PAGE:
Understanding basic virus behavior and terminology is critical for successfully defending your organization against these pesky and sometimes harmful bits of code. So to find out how much our members already know about computer viruses and help them improve their knowledge of virus basics, we've conducted a quick virus pop quiz. How well do our members know their enemies? Let's find out.
Viruses, Trojans, and worms…oh my!
The correct answer to the first question: Trojan horse. As you can see from Figure A, 72 percent of our quiz takers got it right. Although end users often refer to any malicious code as a "virus," the IT world divides such programming into separate groups: viruses, worms, Trojan horses, and logic bombs.
- Viruses are bits of malicious code that hide within executable applications, executable macros (such as those used by Microsoft Word), or a disk's boot sector. When the infected application, file, or disk is run, opened, or accessed, the virus attempts to replicate itself. Viruses may or may not destroy data.
- Worms are self-replicating programs that do not require a host file. According to a News.com article by Robert Lemos, John Shoch and Jon Hupp of the Xerox Palo Alto Research Center first coined the term "worm" in a 1982 paper. The term worm was derived from "The Shockwave Rider," a 1972 science-fiction novel. Shoch and Hupp wanted to automate the installation of Ethernet performance measuring tools on computers at Xerox, so they used a program that could send and install itself across the network. Unfortunately, the pair's program developed a bug that caused the program and the computer to crash.
- Trojan horses (or Trojans) are malicious programs that disguise themselves as harmless applications. Trojans do not replicate themselves; instead, they rely on users to spread.
- Logic bombs are malicious programs that lie dormant on a computer until a specific date and time when the program will automatically run. When the program does run, it may do anything from spreading a virus to destroying data.
Boot sectors make perfect hiding places
The correct answer is: True and again a high percentage of those who took the quiz—83 percent—knew the answer, as shown in Figure B. Boot sector viruses can infect the boot record on floppy disks, hard disks, and even disks that contain only data. When a user attempts to start a computer with an infected disk, the virus is activated.
We have worm sign
The correct answer is: VBS, and again, 83 percent of our quiz takers got this one correct, as shown in Figure C. Visual Basic Script (VBS) is a programming language that can be used to invoke many system functions, such as starting and stopping applications. VBS files are given the VBS extension. VBS worm files often have this extension following an initial file extension; for example: AnnaKournikova.jpg.vbs.
No safe haven for IM users
The correct answer is: False, and an overwhelming 95 percent got this one right. Because many instant messaging (IM) applications allow users to transfer files, IM programs can propagate viruses much in the same manner as e-mail programs. Check out these TechRepublic articles and columns for more information on IM viruses:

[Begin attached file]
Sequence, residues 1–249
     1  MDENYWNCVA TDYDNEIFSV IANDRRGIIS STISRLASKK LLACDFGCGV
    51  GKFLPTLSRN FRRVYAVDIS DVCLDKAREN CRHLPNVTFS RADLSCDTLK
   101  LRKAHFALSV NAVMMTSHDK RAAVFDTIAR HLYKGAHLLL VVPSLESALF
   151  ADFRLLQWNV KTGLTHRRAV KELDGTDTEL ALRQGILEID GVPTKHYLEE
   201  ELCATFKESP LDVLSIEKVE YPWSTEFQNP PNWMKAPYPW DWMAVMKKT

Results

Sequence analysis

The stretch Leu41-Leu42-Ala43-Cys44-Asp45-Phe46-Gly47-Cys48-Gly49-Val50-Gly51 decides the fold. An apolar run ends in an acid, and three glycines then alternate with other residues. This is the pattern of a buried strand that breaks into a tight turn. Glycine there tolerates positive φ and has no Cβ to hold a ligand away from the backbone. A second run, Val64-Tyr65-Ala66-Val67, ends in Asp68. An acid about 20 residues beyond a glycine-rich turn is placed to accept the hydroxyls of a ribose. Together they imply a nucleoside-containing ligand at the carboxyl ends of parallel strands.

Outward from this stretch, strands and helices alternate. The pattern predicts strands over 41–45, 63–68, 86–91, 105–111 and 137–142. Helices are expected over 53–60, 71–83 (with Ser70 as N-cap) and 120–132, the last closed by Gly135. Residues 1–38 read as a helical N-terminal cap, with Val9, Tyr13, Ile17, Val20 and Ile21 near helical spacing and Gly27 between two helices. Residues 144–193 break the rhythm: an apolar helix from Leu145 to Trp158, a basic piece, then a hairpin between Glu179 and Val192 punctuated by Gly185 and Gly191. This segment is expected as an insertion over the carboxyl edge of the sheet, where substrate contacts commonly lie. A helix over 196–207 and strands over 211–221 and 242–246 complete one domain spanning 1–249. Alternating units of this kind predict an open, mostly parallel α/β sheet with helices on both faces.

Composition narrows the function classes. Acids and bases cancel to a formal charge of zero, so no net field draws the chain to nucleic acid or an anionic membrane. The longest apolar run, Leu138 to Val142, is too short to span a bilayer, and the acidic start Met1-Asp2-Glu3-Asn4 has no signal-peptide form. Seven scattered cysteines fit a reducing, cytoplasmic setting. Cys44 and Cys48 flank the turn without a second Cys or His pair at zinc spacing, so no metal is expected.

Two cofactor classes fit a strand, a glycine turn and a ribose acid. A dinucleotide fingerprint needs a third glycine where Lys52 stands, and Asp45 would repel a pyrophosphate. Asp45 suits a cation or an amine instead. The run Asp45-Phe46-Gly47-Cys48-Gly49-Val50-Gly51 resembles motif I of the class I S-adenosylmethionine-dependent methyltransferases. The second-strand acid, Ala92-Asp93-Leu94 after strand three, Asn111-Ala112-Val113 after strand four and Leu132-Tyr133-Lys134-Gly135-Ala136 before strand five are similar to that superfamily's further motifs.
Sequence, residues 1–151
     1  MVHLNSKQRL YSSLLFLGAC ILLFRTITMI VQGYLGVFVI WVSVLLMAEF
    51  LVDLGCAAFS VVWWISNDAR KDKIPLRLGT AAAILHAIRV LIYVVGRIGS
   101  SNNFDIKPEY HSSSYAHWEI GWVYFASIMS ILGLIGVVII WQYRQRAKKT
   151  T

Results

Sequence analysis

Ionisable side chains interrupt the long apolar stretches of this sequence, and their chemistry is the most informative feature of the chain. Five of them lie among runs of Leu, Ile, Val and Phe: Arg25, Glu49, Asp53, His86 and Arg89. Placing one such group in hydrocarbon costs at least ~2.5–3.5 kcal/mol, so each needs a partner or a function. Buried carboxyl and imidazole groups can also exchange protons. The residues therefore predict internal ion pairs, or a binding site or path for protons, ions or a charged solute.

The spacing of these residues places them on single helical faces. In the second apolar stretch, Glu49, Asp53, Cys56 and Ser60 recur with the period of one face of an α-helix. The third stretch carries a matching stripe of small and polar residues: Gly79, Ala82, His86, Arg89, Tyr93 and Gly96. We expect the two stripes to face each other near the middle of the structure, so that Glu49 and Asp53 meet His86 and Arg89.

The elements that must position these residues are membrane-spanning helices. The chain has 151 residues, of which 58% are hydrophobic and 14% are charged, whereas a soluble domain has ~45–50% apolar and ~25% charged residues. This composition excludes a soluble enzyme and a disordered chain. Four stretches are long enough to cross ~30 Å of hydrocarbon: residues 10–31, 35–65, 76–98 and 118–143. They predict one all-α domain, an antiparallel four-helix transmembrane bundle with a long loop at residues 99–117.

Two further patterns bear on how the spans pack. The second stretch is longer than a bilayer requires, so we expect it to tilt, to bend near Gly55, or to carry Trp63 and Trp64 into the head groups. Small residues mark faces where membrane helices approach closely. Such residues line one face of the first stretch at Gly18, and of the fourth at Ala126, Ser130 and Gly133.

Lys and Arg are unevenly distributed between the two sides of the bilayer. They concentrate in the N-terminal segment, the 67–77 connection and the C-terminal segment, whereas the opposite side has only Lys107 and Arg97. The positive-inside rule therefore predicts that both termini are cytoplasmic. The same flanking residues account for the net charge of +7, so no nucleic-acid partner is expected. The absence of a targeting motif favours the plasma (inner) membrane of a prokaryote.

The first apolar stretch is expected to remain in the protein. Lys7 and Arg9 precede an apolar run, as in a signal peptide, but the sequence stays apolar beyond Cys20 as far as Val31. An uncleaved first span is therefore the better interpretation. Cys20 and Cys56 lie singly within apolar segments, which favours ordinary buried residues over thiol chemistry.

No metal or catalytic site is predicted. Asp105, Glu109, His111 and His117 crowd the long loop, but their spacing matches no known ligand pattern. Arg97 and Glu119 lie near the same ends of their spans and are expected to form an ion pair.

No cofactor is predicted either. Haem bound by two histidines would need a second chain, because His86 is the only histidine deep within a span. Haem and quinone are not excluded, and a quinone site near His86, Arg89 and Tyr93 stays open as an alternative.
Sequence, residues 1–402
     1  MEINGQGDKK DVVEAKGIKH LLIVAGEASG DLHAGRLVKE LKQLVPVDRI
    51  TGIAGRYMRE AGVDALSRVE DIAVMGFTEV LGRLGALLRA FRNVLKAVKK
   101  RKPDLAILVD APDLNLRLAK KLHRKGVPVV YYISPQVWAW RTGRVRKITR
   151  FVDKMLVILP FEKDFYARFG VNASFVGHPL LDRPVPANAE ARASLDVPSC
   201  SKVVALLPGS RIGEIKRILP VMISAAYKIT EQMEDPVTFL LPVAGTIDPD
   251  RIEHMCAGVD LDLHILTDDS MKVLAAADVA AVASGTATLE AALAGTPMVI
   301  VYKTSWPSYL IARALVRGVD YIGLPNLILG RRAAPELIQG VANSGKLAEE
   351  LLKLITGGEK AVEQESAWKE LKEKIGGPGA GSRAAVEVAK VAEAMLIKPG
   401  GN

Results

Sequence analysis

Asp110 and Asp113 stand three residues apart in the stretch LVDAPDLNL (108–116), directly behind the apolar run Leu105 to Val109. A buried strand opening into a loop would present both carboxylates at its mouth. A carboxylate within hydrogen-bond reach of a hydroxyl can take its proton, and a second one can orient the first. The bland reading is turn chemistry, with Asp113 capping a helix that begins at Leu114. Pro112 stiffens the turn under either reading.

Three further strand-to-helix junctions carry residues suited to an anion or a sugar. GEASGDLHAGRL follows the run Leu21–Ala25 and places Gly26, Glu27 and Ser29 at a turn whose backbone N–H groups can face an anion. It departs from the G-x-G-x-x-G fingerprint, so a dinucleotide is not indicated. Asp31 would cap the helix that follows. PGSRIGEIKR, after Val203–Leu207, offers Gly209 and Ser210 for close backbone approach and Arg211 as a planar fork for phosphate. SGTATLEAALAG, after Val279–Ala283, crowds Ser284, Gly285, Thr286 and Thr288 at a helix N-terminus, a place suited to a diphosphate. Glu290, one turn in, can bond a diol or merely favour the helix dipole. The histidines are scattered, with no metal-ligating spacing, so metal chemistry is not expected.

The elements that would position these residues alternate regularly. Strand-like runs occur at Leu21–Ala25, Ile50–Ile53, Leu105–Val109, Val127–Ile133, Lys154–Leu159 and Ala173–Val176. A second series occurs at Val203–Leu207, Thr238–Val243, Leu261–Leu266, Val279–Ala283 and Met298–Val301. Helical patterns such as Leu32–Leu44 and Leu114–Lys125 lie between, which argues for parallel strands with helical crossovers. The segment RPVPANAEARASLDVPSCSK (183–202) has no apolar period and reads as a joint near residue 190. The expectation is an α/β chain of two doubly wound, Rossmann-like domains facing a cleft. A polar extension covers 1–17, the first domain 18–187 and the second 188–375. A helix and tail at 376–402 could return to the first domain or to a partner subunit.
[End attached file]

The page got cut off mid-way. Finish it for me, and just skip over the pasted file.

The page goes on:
- "Recovering from the MsgSprd instant messaging worm"
- "Instant messaging—better safe than sorry"
- "Instant messaging: The next hacker target"
I dub thee "computer virus"
The correct answer is: Fred Cohen, but only 37 percent of our quiz takers knew that this was right, as shown in Figure E. What surprised me more than anything about the response to this question was the fact that 35 percent of those who took the quiz picked me as the correct answer. I'm not sure whether I should be flattered by this outpouring of support, or distressed that so many individuals don't realize that I'm the author of the column.
In the 1980s Dr. Fred Cohen did groundbreaking practical and theoretical research into viral-type computer programs while attending the University of Southern California, and first presented a paper on his concept to an information security class in 1983. Len Adleman, an advisor of Cohen, is reported to have associated the term "virus" to Cohen's concept. In 1986 Cohen presented his concept as part of a doctoral dissertation, defining a computer virus as "a program that can 'infect' other programs by modifying them to include a possibly evolved version of itself."
Overall, an A+
I'm glad to say that these are some of the best results from any of Support Republic's Pop Quizzes. Because security is such an important aspect of IT support I'm comforted that at least 70 percent of those who took the quiz answered questions 1 through 4 correctly. As I've mentioned in my previous pop quiz results articles, you get the TechPoints for just taking the quiz, not for getting all the answers correct. Good luck on our next pop quiz.
You be the teacher
If you have a topic you'd like us to cover in an upcoming pop quiz we want to hear about it. Post a comment to this article or drop us a line and share your suggestions for both quiz topics and questions.
Bill Detwiler has nothing to disclose. He doesn't hold investments in the technology companies he covers.
Bill Detwiler is Managing Editor of TechRepublic and Tech Pro Research and the host of Cracking Open, CNET and TechRepublic's popular online show. Prior to joining TechRepublic in 2000, Bill was an IT manager, database administrator, and desktop support specialist in the social research and energy industries. He has bachelor's and master's degrees from the University of Louisville, where he has also lectured on computer crime and crime prevention.